Prof. Amos Kloner
Tuesday, September 18, 2007
For his contributions in the field of archaeological research, especially in Jerusalem and the Judaean Shephella: the discovery and study of the hideaway caves from the days of Bar Kochba, the excavation of the ancient towns of Maresha and Beth Guvrin. For his work as district archaeologist for Jerusalem and the Judaea in the Department of Antiquities and for his approach which views archaeology as an academic, public and educational mission.
Professor Kloner was born in Palestine in 1940. Since his adolescence, due to the influence of his teachers at the Tichon Hadash (New High School) in Tel-Aviv, and as a member and guide in the Hashomer Hatzair youth movement, he developed a keen interest in Israeli geography and the Bible. He took part in excursions and volunteered to work on archaeological excavations.
After serving in the IDF – with the Nahal Brigade and the Paratroops – he studied at the Hebrew University, where he received his PhD. During his years of study he participated in many excavations and at the same time acted as tour-guide and as teacher in tour-guide training school and in the Sde Boker Field School.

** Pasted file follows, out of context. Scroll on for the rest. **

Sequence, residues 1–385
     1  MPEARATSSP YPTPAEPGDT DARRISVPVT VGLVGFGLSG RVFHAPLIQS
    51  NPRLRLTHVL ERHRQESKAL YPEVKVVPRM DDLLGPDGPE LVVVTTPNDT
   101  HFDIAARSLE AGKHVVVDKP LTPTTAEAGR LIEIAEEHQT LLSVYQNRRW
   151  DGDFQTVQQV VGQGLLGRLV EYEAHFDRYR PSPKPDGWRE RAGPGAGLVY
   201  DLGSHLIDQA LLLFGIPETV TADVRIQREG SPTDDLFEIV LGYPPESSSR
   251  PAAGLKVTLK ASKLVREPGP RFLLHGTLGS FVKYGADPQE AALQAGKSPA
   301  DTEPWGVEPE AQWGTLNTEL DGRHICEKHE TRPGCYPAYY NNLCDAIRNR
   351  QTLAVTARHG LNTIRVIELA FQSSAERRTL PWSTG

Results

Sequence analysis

Between 1971 and 1989 he was district archaeologist for Jerusalem and Judea at the Department of Antiquities. During this period he conducted excavations in the ancient synagogue at the Horvat Rimmon, the Horvat Midras ruin and other sites in the Coastal Plain and Jerusalem. Later he focused his activities on managing the extensive excavation project in Maresha and Bet Govrin, including the discovery, unearthing and study of the amphitheatre and the remains of the Roman town. He also researched the underground hideaways from the days of the Bar Kochba Revolt, carried out fieldwork in the Judaean Shephella and in Maresha, which became Israel's most comprehensive study on man-made caves.
From 1980 he is a member of the teaching staff at the Department of Land of Israel Studies and Archaeology at Bar-Ilan University.
Among his many publications: Archaeological survey and study of the area surrounding Jerusalem, a monograph and dozens of articles on excavations and research in Jerusalem's necropolis in the Hellenistic and Roman periods; the underground hideaway systems in Judea; the Maresha and Beth Guvrin excavations including their varied finds as well as articles on the subject of ancient technologies: roads, water reservoirs, olive oil and winepresses.
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